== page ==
Six Attractive International Small-Cap Opportunities
article 10-25-2022

Six Attractive International Small-Cap Opportunities

Portfolio Manager Mark Fischer details how the current downturn is creating exciting long-term opportunities in the international small-cap space.


How have you been positioning Royce International Premier Fund’s portfolio amid increased volatility in the non-U.S. small-cap markets in 2022’s challenging environment?

The barrage of negative geopolitical and economic news has sent share prices on the proverbial rollercoaster ride. However, even in the face of higher volatility and record-low returns for non-U.S. small-caps, we’re convinced that, in the long-term, companies that can create the most value, as measured by consistently high returns on invested capital, will see their share prices rise the most.

In fact, with so much attention on how the current market environment is hurting companies’ stocks prices, it’s easy to forget that bearish environments create longer-term opportunities for select companies. We’ve been working to take advantage of investment opportunities that we believe can ultimately benefit from current uncertainties, particularly through second order effects. Regardless of the market climate, we focus on trying to ensure that our portfolio consists of companies well positioned to deliver strong operational results.

What gives you confidence in the ability of your holdings to operate effectively?

Our confidence in their relative operational resilience is a byproduct of our disciplined investment approach: We focus on companies with significant pricing power, which allows them to pass through cost inflation. They have net cash balance sheets, which means they can benefit from rising rates as their interest income rises. Our companies also tend to be asset light, with almost a third carrying no inventory at all, and therefore less susceptible to supply chain disruptions. Additionally, our companies typically sell low-cost but mission-critical products and/or services into their customers' operating (as opposed to Capex) budgets, which means they generate more predictable revenue streams and are typically among the last to be targeted when their customers review expenses in a recessionary environment. Another factor that’s of particular importance in today’s market is that our holdings have virtually no direct exposure to consumer markets or Russia and Ukraine.

“We are convinced that the future opportunities for our portfolio have never looked better, despite or perhaps even partially due to recent performance challenges—creating what we think is a timely opportunity for long-term investors to take advantage of the growing spread between the portfolio's operational embedded value and its valuation.”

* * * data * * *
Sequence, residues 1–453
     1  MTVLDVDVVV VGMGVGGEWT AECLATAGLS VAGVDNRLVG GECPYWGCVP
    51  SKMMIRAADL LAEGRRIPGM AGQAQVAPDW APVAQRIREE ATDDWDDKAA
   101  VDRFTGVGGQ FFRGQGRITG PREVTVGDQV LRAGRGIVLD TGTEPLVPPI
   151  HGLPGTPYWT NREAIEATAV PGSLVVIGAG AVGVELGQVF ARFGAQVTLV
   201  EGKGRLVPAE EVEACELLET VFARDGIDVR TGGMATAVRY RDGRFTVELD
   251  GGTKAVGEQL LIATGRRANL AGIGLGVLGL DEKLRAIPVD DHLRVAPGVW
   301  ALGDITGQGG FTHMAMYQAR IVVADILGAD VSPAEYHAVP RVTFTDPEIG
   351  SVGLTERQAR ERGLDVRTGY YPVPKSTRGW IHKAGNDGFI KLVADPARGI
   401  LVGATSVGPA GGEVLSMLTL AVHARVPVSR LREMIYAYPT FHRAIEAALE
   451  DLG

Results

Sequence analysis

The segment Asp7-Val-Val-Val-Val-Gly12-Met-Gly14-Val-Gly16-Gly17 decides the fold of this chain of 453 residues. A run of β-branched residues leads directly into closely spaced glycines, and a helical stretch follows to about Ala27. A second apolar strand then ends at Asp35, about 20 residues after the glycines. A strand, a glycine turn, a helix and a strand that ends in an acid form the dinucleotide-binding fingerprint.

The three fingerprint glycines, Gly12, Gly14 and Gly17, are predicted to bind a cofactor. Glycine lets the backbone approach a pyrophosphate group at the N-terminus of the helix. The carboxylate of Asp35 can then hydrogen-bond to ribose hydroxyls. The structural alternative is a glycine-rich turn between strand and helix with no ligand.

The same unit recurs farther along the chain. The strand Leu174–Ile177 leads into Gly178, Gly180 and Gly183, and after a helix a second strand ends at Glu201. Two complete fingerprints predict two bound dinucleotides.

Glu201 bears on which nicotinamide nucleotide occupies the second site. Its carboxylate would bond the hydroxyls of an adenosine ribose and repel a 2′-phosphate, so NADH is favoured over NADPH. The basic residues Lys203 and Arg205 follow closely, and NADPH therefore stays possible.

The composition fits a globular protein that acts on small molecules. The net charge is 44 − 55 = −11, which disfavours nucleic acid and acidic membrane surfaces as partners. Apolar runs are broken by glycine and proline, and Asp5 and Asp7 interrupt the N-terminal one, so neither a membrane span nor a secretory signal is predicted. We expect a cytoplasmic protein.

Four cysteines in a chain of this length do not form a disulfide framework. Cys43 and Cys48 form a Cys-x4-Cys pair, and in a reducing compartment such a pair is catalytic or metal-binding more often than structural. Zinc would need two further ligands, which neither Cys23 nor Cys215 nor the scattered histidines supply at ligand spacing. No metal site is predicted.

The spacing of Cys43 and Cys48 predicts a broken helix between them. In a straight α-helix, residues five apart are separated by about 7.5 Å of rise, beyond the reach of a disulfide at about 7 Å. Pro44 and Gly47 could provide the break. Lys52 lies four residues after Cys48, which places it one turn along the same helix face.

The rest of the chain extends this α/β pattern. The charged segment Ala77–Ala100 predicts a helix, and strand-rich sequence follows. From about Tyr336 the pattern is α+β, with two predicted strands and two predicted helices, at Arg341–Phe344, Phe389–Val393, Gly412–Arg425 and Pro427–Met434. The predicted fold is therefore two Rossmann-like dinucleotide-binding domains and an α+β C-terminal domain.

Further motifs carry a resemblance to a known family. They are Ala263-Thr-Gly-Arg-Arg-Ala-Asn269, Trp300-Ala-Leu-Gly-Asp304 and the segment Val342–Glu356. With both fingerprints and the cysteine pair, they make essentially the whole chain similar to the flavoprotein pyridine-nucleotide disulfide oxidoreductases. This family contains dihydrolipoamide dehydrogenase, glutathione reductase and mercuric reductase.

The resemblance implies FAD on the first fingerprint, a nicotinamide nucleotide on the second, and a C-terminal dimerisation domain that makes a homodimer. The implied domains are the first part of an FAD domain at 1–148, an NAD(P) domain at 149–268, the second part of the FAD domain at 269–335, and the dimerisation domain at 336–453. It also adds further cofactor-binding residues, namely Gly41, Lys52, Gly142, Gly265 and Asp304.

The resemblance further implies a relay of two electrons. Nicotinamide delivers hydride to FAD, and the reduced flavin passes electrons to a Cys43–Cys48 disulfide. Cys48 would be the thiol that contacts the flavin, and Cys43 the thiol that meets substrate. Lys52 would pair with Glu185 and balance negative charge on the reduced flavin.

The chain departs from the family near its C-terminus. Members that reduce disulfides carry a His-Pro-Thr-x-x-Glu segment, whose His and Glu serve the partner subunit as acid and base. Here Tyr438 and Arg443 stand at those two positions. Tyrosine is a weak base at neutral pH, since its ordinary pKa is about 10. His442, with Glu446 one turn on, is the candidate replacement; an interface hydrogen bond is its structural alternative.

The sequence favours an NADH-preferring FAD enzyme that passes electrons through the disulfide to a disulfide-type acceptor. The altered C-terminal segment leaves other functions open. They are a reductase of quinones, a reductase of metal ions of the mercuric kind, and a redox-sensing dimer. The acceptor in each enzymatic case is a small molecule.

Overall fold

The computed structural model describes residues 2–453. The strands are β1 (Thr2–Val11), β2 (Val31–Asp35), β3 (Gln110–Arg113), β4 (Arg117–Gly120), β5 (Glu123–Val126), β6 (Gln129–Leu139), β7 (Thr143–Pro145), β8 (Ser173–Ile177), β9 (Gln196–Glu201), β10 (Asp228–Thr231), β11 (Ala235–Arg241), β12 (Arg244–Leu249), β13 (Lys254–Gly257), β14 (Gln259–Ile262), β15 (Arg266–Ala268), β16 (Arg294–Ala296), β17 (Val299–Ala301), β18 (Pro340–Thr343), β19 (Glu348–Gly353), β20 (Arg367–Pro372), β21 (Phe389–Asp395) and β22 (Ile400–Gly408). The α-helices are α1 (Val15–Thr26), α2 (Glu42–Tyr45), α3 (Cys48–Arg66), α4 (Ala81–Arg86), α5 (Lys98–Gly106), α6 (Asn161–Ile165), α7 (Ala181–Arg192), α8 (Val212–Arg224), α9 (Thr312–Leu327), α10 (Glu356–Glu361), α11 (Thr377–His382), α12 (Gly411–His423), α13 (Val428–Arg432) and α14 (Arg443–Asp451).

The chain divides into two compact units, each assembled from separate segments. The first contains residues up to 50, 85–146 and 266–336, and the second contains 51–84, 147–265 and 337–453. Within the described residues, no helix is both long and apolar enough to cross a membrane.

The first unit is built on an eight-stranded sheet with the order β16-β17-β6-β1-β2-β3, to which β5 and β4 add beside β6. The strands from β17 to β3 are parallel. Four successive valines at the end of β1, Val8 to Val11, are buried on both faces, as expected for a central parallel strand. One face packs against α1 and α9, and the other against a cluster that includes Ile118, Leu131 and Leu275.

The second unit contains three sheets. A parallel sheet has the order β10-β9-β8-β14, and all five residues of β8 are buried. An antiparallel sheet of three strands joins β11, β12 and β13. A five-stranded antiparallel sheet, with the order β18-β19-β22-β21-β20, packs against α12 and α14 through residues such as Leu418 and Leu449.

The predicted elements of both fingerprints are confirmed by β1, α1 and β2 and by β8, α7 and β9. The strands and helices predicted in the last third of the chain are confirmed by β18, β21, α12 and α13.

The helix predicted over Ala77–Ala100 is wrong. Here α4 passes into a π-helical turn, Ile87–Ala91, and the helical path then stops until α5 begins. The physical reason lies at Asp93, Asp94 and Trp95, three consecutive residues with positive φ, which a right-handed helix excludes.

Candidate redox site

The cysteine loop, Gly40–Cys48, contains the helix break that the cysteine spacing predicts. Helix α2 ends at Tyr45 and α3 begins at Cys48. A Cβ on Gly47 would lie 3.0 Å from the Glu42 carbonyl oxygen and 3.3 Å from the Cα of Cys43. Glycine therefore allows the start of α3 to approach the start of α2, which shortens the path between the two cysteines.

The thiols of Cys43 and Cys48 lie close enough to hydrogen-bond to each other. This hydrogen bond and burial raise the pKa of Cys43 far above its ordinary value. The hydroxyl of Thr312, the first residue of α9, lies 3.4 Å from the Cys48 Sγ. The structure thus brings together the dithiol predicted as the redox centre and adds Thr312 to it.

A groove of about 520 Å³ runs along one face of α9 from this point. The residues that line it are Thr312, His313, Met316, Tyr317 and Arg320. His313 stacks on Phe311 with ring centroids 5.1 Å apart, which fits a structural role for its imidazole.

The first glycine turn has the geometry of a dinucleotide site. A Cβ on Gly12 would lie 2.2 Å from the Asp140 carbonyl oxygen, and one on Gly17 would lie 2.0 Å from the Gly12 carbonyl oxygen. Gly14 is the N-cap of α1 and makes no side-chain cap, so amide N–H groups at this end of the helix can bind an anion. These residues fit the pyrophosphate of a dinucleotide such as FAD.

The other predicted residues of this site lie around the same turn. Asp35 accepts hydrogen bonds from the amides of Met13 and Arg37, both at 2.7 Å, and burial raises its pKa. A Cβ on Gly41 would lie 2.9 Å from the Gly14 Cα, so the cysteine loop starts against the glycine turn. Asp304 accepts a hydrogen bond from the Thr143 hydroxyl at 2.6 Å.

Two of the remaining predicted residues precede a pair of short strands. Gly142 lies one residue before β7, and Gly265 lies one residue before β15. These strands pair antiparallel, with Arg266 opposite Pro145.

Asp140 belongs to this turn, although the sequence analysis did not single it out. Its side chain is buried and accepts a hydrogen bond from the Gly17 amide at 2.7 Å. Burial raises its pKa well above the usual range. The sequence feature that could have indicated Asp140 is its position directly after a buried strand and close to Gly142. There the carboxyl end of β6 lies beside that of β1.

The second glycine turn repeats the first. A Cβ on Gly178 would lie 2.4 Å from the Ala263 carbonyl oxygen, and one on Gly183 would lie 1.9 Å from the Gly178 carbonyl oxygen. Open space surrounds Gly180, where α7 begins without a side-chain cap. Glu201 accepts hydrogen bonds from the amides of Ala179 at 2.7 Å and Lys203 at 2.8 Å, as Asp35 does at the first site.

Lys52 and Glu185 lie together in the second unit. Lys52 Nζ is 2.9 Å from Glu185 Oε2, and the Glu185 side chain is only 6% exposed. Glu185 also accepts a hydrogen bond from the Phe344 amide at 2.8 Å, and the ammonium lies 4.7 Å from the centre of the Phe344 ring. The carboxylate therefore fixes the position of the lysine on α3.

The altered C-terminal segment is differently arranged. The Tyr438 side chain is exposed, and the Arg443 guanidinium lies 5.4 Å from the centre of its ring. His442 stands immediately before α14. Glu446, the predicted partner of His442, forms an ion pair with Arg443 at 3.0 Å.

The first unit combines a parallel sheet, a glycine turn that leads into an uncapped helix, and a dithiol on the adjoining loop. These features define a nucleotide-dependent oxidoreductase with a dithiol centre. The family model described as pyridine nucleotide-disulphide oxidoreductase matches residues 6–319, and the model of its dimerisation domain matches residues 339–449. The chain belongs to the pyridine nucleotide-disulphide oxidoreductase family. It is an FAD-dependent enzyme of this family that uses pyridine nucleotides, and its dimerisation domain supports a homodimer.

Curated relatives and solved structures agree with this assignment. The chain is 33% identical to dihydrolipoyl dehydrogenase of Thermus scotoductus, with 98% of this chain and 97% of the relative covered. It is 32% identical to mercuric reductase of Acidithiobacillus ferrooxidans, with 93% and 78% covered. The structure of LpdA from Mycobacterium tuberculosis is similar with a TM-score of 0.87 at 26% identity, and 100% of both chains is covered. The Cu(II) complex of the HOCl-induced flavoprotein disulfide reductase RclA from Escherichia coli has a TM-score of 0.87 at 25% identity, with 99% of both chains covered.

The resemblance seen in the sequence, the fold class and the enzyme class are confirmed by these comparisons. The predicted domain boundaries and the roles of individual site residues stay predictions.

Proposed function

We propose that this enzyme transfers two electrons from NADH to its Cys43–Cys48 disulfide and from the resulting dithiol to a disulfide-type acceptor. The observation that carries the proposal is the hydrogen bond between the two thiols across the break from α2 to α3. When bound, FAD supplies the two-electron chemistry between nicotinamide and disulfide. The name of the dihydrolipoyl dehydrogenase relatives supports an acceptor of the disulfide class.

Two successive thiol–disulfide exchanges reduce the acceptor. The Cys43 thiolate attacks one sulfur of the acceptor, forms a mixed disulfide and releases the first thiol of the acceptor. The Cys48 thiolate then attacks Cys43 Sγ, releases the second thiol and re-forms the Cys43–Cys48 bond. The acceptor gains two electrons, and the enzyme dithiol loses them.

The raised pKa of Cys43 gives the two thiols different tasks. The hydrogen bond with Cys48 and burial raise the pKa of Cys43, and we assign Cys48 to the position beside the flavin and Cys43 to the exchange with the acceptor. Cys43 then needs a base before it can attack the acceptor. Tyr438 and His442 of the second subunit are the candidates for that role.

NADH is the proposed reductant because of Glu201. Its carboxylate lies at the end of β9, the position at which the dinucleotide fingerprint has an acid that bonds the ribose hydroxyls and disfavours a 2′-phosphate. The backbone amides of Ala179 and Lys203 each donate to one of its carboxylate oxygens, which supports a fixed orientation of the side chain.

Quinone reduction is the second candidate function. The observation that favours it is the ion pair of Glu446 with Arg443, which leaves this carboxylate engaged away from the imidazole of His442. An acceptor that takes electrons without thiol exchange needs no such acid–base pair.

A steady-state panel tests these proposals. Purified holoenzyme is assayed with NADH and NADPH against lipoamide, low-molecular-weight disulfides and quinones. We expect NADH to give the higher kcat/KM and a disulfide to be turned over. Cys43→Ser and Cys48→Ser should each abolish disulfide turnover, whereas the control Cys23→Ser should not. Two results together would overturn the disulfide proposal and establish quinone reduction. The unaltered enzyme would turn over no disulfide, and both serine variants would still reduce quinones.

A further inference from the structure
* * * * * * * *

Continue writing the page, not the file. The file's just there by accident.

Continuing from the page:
—Mark Fischer

How have rising rates affected your holdings?

One of the consequences of rising interest rates is that capital becomes scarcer and more expensive. This climate creates acquisition opportunities for conservatively capitalized companies that self-finance their growth and can thereby gain market share, often at the expense of their more highly levered peers—which may lack access to capital—or private equity—which may find the increasing cost of debt financing prohibitive. This dynamic is a great example of the second order effects we referred to earlier. We are seeing this play out in our portfolio where many companies—those we call ‘aggregators’—are leaders in fragmented industries. They’ve been able to exploit their low-debt balance sheets to acquire complementary businesses at increasingly attractive valuations. These aggregators pursue disciplined and systematic acquisition strategies and are also attractive to us because they can successfully reinvest capital even when they otherwise have minimal operational capital requirements—and therefore really harness the power of compounding.

Can you provide some examples?

Based in the U.K., Marlowe is a leading provider of commercial services that include testing for fire safety and water quality, risk and compliance services that help customers properly manage their environmental footprint, and employee wellbeing. Marlowe is one of the few listed market leaders in this space yet has only a single-digit market share. It’s taken advantage of its leadership in its fragmented industry by using a disciplined M&A strategy to close 20 earnings-enhancing acquisitions in the last financial year alone—which has allowed it to grow sales by an average of more than 40% per year.